Envy gets a bad rap, and understandably so! “Thou shalt not covet” is Commandment number ten. God concludes the list with a doozy. But let’s take this common tendency toward envy and steer our wayward attitude in the right direction, rather than have the deviation condemn us toward inaction.
When (not if) we feel envy, it is helpful to ask these three questions:
1) What is it about their path I desire?
I have extreme envy as I type this coaching tip. My middle child just confirmed his plans to live on Cape Cod for three months this summer. After watching forty-five inches of rain fall since October, here in Seattle, the thought of boats, bicycles, badminton, and beach balls makes me want to curl up and curse my middle-aged life, full of bulging bills and responsibility. I too want to work on the Martha’s Vineyard ferry and hand Steve Carell a bag of chips one July afternoon.
I want a change of pace and scenery. I want adventure. I want to be carefree again.
2) Do I have an accurate perspective?
Oh, to be nineteen…
But would I really want that? Hell no! When I stop and stand (Step 1 of The Jeremiah Method), I am given the fresh air of perspective. How utterly confused I was at this age. I did not know what I know now, and, therefore, I did not approach my opportunities as I would approach them now.
It is far too tempting to sugar coat someone else’s opportunity. Don’t get me wrong, my son will have an amazing summer experience, and I’m so happy that he has the chance to live where he’s never lived before and to experience life in a way he’s never experienced before. But his summer will not be perfect. No one’s experience is ever perfect.
I also know that three months away from home is a long time. I would miss my routine, my home, my work, and community. I like my life and, overall, I’m pretty content with exactly where God has me right now.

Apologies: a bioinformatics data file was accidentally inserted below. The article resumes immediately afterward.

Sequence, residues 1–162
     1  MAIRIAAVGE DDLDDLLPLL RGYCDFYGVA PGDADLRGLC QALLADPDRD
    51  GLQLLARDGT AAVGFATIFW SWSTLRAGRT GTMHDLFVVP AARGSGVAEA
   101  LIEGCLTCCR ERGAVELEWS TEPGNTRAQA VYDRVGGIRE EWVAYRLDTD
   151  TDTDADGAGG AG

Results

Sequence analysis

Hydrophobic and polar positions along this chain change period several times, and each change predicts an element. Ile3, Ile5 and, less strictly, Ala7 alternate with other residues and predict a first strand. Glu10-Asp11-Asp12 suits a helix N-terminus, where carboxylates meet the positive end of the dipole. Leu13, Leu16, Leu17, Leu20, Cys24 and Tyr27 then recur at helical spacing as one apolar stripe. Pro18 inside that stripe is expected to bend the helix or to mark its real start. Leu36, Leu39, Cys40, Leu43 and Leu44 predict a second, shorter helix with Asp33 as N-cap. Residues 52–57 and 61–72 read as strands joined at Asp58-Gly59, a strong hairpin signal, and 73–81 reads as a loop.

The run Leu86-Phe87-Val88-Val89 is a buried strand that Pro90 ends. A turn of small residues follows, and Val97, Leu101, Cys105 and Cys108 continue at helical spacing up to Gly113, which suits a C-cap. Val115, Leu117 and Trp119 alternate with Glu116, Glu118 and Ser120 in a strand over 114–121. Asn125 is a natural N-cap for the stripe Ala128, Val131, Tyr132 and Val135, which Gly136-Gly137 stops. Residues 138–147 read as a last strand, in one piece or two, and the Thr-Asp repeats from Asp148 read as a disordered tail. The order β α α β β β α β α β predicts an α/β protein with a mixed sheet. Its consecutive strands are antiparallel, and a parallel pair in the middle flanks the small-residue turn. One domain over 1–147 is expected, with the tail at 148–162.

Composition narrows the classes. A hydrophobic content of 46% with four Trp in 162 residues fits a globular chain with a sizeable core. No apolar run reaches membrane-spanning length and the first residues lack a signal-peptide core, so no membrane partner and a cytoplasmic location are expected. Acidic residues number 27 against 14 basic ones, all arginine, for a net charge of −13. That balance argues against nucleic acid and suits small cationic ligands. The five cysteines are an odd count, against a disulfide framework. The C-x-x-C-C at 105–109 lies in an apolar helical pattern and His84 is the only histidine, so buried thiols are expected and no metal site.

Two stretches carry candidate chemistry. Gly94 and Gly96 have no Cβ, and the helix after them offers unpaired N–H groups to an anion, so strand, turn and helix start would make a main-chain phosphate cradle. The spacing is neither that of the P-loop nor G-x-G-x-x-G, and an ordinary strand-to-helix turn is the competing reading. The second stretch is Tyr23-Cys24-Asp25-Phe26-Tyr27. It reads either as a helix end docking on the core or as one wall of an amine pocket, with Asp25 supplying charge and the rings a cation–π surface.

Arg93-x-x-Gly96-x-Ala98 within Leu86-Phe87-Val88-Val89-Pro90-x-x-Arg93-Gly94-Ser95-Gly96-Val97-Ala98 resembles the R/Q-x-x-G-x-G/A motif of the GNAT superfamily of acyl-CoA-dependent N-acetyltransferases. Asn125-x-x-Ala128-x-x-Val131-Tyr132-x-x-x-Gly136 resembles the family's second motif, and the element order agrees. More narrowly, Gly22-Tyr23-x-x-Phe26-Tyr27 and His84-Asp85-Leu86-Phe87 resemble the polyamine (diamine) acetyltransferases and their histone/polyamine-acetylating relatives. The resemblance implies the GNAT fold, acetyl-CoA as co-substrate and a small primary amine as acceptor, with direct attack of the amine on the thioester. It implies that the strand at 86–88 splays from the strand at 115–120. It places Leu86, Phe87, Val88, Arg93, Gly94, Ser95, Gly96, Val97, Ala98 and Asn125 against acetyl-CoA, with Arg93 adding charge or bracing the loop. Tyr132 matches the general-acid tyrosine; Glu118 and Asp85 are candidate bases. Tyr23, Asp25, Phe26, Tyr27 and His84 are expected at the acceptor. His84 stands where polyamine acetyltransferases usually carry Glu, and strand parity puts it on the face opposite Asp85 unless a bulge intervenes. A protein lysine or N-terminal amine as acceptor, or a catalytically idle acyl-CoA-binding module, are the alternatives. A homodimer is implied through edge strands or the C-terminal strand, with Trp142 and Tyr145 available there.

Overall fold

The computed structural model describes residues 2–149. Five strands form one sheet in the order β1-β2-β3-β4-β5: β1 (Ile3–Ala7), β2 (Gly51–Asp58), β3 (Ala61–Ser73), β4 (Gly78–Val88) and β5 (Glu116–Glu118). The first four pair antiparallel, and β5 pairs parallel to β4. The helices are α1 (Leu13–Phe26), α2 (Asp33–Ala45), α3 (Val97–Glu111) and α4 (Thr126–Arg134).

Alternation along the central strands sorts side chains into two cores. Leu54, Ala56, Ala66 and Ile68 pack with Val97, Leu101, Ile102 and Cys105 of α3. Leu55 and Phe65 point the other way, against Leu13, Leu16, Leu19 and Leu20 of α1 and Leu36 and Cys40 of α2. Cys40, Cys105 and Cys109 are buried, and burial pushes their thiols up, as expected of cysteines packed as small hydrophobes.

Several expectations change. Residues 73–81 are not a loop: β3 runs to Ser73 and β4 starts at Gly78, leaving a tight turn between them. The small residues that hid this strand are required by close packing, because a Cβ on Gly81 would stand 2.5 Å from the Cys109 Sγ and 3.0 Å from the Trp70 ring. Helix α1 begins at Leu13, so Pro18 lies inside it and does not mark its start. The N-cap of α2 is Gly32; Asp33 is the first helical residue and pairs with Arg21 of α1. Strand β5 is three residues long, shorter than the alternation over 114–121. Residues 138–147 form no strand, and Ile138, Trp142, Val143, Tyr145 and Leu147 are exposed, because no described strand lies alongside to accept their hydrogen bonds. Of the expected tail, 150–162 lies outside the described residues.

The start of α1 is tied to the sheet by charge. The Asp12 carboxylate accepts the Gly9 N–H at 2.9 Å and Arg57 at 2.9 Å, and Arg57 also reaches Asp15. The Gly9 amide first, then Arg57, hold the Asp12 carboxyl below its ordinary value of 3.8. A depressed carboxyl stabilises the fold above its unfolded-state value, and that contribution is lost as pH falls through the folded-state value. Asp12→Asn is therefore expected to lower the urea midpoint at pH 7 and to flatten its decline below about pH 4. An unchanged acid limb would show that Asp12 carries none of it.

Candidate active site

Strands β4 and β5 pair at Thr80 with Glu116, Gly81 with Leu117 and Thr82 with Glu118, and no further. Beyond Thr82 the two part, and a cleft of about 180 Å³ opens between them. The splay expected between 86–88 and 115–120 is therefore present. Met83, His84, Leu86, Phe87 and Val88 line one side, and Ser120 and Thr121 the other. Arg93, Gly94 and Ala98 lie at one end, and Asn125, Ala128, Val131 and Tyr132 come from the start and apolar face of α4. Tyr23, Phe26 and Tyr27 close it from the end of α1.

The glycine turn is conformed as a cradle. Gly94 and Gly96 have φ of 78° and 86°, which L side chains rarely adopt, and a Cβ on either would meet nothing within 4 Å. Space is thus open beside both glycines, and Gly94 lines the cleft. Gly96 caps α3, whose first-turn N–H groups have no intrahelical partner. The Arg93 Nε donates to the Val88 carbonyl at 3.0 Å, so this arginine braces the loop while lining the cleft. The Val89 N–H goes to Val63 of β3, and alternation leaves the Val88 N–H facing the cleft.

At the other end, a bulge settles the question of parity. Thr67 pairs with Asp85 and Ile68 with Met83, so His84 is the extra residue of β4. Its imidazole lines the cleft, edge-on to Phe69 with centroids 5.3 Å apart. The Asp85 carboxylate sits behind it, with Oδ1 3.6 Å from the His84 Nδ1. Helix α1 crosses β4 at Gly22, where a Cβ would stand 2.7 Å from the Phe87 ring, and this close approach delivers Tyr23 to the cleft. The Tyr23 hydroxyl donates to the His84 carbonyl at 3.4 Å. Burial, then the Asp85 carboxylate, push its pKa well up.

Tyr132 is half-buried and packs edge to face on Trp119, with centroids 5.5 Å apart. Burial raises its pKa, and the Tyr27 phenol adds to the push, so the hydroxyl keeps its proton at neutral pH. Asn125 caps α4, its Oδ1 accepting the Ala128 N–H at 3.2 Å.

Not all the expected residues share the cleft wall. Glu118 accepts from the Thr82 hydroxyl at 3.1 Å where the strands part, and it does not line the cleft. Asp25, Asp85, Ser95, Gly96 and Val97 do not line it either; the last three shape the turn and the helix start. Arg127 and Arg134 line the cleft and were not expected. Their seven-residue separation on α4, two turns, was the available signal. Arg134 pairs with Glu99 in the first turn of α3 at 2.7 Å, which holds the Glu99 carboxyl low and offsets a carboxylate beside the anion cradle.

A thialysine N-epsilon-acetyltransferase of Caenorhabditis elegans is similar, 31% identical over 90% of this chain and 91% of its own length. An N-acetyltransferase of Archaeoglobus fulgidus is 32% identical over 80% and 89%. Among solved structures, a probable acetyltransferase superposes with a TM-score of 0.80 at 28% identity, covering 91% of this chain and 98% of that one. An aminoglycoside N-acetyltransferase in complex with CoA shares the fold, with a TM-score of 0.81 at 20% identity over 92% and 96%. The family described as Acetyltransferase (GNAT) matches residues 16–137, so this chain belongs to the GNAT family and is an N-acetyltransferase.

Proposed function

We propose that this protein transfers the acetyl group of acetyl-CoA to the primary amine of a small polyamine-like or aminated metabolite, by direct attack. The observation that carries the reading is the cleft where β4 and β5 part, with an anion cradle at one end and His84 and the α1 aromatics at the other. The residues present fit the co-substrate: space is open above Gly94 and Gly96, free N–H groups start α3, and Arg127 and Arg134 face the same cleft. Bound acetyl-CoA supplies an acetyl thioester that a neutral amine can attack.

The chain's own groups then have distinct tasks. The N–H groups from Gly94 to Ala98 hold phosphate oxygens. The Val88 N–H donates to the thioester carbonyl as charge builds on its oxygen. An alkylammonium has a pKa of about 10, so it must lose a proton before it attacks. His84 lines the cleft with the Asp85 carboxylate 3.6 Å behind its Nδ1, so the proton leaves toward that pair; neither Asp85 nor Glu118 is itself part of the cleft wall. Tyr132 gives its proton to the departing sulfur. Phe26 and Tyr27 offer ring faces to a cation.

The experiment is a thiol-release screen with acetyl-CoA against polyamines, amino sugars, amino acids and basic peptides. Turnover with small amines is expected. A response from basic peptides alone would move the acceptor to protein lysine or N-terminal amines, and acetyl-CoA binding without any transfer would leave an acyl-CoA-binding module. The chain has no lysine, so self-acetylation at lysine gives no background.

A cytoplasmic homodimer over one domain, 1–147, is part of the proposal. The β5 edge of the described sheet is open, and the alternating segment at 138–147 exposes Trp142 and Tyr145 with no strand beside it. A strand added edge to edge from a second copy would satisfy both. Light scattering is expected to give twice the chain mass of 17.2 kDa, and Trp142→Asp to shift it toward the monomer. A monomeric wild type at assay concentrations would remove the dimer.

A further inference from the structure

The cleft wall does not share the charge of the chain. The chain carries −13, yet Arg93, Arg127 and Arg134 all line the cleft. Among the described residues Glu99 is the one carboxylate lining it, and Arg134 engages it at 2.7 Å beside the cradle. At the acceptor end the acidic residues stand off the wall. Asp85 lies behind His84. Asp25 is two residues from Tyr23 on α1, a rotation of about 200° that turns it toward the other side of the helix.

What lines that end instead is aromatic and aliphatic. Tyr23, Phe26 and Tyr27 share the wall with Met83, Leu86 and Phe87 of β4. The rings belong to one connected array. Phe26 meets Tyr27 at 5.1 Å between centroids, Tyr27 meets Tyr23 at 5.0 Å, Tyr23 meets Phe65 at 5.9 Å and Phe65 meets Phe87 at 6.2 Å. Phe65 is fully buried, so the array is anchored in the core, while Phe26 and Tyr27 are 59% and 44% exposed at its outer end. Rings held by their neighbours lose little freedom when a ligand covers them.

This doesn’t change my desire to want a similar summer, but now there is a shift. My perspective broadens.
3) What choices do I have control over that will redirect my own path?
It is at this question where things can get exciting. After twenty-one years of parenting, and financially challenging years full of sacrifice, there is a light of change and expectation at the end of a long, but awesome tunnel. My husband and I aren’t quite there yet, but this is exactly where goal oriented decision making can bring us closer toward a desire. If we stay focused on the goal and make choices toward that goal, in a few years we may have the chance to seek our very own adventure.
What choices do my husband and I have control over?
~How we spend our money today, so we have savings for that adventure in the future.
~What we put in our body and the exercise we output, so we have health and energy for the adventure.
~The attitude we bring toward today, because small, unimportant routines are pleasurable and good too.
~Happiness for all three of our children who slowly leave the nest and blaze their own unique path toward fulfilling futures.
Of course, full control is only in the hands of God, so the other choice we can make is a grateful spirit for each new day, and every chance He gives us to make great choices.
Have you been wrestling with envy? Ask yourself, why? Shift the perspective, then take control of the choices you do have that will drive you closer to what you desire.